There’s something that we all could use a little help with: that’s the art of difficult conversations.
We all have one that we either need to make or plan to have in the future. Insights into how to handle these types of conversations are not only helpful to leaders but are applicable for parents, to friends, and with coworkers as well.
The problem is, most people routinely avoid these potentially confrontational and challenging situations. In avoiding the conversation and the potential confrontation, we hope that circumstances will work themselves out. Usually, that’s a very unwise decision to make. Challenging issues frequently become bigger and harder to diffuse if ignored. Rarely do things just go away.
Time is of the Essence
Don’t wait to have that challenging conversation with your employee, coworker, child, friend, or spouse. The more time passes, the more difficult it becomes to address the situation. To most people, silence is approval! When you realize you need to gain clarity in the face of potential confrontation – make plans to meet with the person as soon as possible. Facts are fresher and more relevant if the topic is recent.
If we delay or worse, do not have the discussion at all, we are also subjecting ourselves to ‘inner erosion’. Erosion of our own self-respect because we didn’t do what was needed and we took the easy way out instead.
Challenge Your Assumptions
It’s instinctive to view a situation from how it affects or impacts us. For leaders, however, it’s important to put the needs of the organization first. When you are dealing with friends and coworkers, perhaps you put the needs of your group or team first.
Successful outcomes are not necessarily about what we want. Especially if, during the discovery part of your research into a situation, it becomes clear that the source of difficulty is yourself. Be introspective!
Three questions to ask yourself before you have that difficult conversation:
1. Is this conversation difficult because of the issue/circumstances?
2. Is this conversation difficult because of the person you are dealing with?
3. Is this conversation difficult because of me?
Don’t always assume it’s the other person that is the problem.
Carry the Right Attitude
It’s critical to come to the meeting with the right attitude. The outcome is balanced upon whether or not you are able to be objective and clear. You are going as a listener not as a ‘talker’ (or as an interrogator). Make sure you stick to the facts and remove as much emotion from the circumstance as possible. The conversation does not have to be confrontational. However, you cannot control another person’s reaction or feelings concerning a situation. You may need to deal with a difficult person in addition to a challenging conversation!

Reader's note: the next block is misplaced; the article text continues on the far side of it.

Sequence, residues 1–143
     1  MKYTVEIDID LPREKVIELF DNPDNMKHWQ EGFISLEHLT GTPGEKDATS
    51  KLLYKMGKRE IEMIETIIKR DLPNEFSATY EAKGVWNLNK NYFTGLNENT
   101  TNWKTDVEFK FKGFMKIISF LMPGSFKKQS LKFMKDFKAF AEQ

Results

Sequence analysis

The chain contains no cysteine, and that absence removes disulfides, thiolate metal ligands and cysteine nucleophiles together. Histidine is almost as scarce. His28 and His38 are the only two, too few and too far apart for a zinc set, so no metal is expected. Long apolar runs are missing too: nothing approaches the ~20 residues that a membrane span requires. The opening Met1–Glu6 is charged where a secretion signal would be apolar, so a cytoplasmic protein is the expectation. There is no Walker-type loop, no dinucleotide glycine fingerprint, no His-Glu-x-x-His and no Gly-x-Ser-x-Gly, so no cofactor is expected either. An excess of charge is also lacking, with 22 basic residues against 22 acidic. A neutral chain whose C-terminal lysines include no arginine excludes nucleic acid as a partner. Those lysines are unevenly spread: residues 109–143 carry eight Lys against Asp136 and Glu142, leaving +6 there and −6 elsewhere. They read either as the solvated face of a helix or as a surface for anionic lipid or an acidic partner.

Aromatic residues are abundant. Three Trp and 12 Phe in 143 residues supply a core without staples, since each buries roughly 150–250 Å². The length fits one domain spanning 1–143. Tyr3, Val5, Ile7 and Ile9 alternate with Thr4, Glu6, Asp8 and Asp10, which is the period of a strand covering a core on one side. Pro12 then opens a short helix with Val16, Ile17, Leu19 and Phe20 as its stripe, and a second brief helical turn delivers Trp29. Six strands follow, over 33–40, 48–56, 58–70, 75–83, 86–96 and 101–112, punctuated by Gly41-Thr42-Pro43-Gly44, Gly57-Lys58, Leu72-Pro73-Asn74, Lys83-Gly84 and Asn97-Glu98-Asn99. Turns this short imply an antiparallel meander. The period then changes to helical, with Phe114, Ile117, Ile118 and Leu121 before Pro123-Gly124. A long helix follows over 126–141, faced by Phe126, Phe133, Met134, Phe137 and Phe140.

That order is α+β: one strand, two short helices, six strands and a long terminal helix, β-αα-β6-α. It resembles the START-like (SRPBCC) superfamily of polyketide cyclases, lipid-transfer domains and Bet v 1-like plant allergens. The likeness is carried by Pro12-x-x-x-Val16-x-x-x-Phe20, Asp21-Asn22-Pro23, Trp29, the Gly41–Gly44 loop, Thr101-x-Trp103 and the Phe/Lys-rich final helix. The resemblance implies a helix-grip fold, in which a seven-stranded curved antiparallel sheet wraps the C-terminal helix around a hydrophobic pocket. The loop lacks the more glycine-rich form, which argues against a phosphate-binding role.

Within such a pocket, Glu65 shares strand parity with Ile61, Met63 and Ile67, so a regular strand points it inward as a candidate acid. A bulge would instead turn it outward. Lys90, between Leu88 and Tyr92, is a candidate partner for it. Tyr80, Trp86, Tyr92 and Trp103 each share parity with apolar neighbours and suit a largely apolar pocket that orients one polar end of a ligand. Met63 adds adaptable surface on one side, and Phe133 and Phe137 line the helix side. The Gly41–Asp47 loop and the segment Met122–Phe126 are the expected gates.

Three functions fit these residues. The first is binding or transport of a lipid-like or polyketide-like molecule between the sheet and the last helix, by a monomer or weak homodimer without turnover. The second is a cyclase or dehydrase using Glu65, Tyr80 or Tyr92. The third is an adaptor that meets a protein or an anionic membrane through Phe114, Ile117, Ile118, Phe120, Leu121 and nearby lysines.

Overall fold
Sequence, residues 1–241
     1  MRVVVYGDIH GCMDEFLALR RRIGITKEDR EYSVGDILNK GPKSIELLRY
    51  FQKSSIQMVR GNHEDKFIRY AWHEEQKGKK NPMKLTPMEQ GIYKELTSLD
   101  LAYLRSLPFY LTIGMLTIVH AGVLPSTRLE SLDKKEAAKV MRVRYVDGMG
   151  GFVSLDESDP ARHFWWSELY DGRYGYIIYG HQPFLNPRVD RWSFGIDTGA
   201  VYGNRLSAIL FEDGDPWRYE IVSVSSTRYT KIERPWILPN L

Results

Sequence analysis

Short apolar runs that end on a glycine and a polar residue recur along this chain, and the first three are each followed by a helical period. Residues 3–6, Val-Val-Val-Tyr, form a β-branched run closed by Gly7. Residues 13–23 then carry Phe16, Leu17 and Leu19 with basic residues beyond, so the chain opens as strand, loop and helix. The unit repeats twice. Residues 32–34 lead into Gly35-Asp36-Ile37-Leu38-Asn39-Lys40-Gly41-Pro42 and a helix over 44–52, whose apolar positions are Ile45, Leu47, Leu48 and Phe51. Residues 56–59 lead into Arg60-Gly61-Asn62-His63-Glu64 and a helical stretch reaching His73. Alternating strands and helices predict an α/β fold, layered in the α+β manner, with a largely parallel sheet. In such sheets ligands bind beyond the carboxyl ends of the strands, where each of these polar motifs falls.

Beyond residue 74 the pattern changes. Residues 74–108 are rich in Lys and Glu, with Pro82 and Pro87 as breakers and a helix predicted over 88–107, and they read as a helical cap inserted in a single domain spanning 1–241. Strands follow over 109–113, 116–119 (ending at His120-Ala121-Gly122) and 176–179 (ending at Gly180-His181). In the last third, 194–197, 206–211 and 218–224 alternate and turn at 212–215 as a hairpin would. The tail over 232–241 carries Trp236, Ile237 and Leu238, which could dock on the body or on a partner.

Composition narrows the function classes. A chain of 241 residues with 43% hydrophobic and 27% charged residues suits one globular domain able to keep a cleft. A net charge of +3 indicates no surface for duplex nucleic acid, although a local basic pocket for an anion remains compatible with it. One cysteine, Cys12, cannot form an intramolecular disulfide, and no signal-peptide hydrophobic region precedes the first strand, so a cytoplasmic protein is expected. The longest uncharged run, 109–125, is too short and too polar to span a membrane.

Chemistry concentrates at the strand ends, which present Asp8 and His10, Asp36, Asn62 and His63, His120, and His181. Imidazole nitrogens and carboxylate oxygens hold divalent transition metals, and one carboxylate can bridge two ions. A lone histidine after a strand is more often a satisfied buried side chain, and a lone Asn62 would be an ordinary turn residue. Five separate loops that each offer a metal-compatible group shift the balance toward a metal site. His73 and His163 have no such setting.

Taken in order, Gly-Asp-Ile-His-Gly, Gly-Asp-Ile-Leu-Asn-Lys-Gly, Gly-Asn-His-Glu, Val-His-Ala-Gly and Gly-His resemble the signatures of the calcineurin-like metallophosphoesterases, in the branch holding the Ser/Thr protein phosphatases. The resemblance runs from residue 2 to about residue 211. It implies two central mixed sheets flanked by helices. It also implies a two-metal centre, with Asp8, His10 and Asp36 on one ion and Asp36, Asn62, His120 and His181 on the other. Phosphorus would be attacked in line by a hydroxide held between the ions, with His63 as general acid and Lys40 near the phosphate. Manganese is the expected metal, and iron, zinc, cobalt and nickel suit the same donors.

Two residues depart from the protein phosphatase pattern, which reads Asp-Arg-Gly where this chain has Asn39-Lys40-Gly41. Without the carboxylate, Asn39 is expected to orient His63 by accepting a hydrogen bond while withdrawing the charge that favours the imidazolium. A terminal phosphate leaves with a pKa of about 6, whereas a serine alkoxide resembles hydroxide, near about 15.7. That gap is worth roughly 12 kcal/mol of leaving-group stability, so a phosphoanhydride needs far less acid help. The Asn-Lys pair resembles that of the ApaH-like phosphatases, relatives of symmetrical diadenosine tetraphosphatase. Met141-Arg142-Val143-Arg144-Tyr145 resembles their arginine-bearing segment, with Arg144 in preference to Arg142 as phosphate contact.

Remember to keep calm, balanced, and centered. Do not allow the other person to pull you into an emotional state. Also remember that you do not have to be right, but you must do what is right. Open yourself mentally to the opportunity that you could be wrong and remain objective as possible. The worst thing we can do is have our ego dictate the outcome of a situation to your benefit regardless of the truth.
Have a Game Plan
It’s a good idea to have an action plan when dealing with a challenging conversation and especially when you are also dealing with a difficult person.
- Separate the action from the person or your opinion of that person.
- Clarify your understanding of the situation at hand with the other person.
- Seek to understand through questions: ask the other person to share their perspective.
- Listen, listen, and listen some more. Listen longer than you normally do!
- Do not succumb to the desire to fill in words for the other person.
- It’s not you vs. them. You do not need to be right. You must do what is right.
- Ask the other person if they are aware of issue at hand.
- Repeat back to them the facts that you gathered from the conversation for clarity.
- Ask the other person what they think the key take-aways are from the situation and the conversation.
- Set action items with the person and determine the next steps.
Remember that you have the right to end the conversation immediately if the situation becomes negative or destructive. Even if you are talking to a client! Should you feel the circumstances warrant the intervention, seek the help of HR first.
Try to End on a Good Note
Ask the other person what they learned from the experience. Privately, ask yourself the same question. It’s always a productive to learn from every engagement. You can take notes after the conversation is over for your future development. If possible, try to end on a good note with the individual – even if the outcome wasn’t rosy. Let the other person know that, regardless of the outcome of the discussion, you harbor no negative feeling towards them. In my experience, I find that the entire situation was often a misunderstanding.
During my career, over 80% of the issues I have addressed are rooted in misunderstandings at some level. Keep this in mind when you are happily typing away on an email or banging out a text message instead of picking up the phone or walking down the hall to speak to someone in person. I have found that the value of in-person conversation is poorly understood in our digitally-dependent society. Your written message is entirely at the mercy of someone else’s interpretation.
Body language and tone of voice comprises 90% of human conversation. Do yourself a favor, put away the keyboard or text message and call or speak to the person face to face. In reality, you aren’t taking more time to do this – you are actually saving time. You could also be avoiding the need to develop the art of difficult conversations!